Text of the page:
Houthi chief vows to fight militants, sees Libya-style strife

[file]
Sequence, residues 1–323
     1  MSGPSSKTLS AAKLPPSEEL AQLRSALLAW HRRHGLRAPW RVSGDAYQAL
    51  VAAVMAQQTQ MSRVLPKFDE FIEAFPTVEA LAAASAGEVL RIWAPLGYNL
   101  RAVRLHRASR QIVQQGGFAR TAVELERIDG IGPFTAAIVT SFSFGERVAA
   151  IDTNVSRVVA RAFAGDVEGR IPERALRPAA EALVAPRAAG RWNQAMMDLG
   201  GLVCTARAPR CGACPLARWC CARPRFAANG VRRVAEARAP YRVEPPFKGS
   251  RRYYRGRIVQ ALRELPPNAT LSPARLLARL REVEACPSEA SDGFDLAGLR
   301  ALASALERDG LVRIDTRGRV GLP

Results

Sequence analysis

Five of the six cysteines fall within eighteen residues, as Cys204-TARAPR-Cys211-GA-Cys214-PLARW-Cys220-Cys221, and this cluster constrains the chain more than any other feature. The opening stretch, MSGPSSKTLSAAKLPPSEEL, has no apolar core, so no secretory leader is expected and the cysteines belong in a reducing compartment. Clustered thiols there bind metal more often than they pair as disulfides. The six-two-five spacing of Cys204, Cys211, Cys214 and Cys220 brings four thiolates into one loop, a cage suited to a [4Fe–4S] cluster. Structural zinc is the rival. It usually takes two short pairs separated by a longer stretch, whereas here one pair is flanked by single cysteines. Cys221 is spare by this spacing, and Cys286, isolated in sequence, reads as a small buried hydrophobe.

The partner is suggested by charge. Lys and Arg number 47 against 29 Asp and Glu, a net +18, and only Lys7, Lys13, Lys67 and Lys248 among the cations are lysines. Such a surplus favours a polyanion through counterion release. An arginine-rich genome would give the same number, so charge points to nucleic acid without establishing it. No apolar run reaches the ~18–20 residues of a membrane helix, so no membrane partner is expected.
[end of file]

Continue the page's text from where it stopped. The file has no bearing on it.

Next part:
DUBAI (Reuters) - The leader of Yemen's powerful Houthi movement vowed on Sunday to pursue Islamist militants behind suicide attacks anywhere and said the country was in danger of descending into Libya-style turmoil. In a live televised speech, Abdel-Malek al-Houthi said his decision to mobilize his fighters amid accelerating violence in recent days was aimed against Islamic State, which claimed responsibility for bombings that killed more than 130 in the capital Sanaa on Friday, and against al Qaeda. He also criticized the U.N. Security Council, saying it was led by countries that plotted "evil" against others. Violence has been spreading across Yemen since last year when the Iran-allied Houthis seized Sanaa and advanced into Sunni Muslim areas, leading to clashes with local tribes and al Qaeda and energizing a southern separatist movement. Houthi did not elaborate on his criticism of the Council. But diplomats in New York said the council would on Sunday condemn the takeover of much of Yemen and its institutions by the Houthis and warn of "further measures" if hostilities do not end. In combative remarks, Houthi said his foes had encouraged militant violence and used political reform talks to buy time, something he said would eventually transfer "the Libyan example to Yemen ... This has become more apparent and clear than ever." "Al Qaeda and Daesh (Islamic State) do not have any compassion towards any party, and what's happening in Iraq and Syria today is a lesson to our country." (Reporting by Sami Aboudi and Amena Bakr, Writing by William Maclean)